STEVE INSKEEP, HOST:
NPR's business news starts with a possible publishing powerhouse.
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INSKEEP: The book industry is buzzing with this news: Random House and Penguin, the two largest publishing houses in the United States, could be headed for a merger. NPR's Lynn Neary reports.
LYNN NEARY, BYLINE: The British conglomerate Pearson, responding to rumors in the European media, has confirmed that it is in discussions about merging Penguin with Random House, which is owned by the German company Bertelsmann. But Pearson made it clear that it's not certain the discussions will lead to an agreement. Literary Agent Miriam Goderich says it's early to speculate on the effects of such a merger. But if it happened, it would definitely shake up the industry.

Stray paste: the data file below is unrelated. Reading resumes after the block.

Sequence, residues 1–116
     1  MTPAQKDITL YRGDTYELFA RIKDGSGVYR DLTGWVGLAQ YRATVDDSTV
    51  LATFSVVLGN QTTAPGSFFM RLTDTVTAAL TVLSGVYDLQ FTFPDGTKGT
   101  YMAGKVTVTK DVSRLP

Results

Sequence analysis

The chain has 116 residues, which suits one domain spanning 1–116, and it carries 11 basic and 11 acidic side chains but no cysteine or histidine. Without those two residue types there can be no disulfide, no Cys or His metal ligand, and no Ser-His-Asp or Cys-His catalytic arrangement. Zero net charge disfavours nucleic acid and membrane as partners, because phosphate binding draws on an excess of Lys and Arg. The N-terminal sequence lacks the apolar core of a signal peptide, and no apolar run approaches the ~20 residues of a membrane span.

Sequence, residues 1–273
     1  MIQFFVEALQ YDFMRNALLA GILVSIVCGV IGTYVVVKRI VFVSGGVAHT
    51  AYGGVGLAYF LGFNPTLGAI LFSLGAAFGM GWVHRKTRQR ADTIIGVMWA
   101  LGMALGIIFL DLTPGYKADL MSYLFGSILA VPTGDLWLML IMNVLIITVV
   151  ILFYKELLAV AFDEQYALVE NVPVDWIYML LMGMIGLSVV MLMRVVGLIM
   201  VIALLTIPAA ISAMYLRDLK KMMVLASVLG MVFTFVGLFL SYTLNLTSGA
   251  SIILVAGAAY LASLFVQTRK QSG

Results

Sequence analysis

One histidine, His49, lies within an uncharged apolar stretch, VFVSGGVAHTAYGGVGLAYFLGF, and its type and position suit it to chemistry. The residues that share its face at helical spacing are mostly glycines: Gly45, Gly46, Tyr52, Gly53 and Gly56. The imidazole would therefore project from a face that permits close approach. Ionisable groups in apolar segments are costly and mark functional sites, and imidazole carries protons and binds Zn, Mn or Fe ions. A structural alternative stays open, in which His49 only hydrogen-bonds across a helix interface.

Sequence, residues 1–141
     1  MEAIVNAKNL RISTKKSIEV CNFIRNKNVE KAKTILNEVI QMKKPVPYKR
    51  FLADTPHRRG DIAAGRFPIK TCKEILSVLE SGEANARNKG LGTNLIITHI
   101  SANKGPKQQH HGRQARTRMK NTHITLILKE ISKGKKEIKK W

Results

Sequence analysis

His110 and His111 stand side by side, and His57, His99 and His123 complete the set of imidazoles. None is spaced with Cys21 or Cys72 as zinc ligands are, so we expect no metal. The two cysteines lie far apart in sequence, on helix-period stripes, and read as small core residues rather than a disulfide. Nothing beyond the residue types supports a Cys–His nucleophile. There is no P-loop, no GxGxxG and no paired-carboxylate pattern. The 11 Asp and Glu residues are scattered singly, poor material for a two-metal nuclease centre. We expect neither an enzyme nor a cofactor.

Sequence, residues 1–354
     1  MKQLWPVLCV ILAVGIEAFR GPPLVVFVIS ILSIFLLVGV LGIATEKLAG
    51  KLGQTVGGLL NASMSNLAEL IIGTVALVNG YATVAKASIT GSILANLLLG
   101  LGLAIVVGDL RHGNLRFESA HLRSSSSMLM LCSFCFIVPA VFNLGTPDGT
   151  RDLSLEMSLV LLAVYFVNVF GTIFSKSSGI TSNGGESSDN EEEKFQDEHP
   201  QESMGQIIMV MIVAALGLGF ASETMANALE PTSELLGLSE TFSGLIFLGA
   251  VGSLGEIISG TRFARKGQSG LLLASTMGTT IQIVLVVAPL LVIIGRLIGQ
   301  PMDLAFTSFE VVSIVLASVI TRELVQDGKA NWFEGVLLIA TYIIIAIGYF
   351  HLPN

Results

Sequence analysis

MIRIAM GODERICH: It would be a huge, huge development - if it came to pass.
NEARY: It's not clear, at this point, what kind of savings would be achieved through a merger. But the industry is looking for ways to offset losses resulting from the popularity of lower-priced e-books. Goderich says the merger could lead to layoffs, and would likely make it harder for literary agents to negotiate the best deals for their authors.
GODERICH: Right now, Penguin and Random House often compete against each other, for the same projects. If you have one superstructure, that's one less house that you can go to.
NEARY: Questions are already being raised about whether the combination of two such huge publishing companies, would create antitrust issues.
Lynn Neary, NPR News, Washington.
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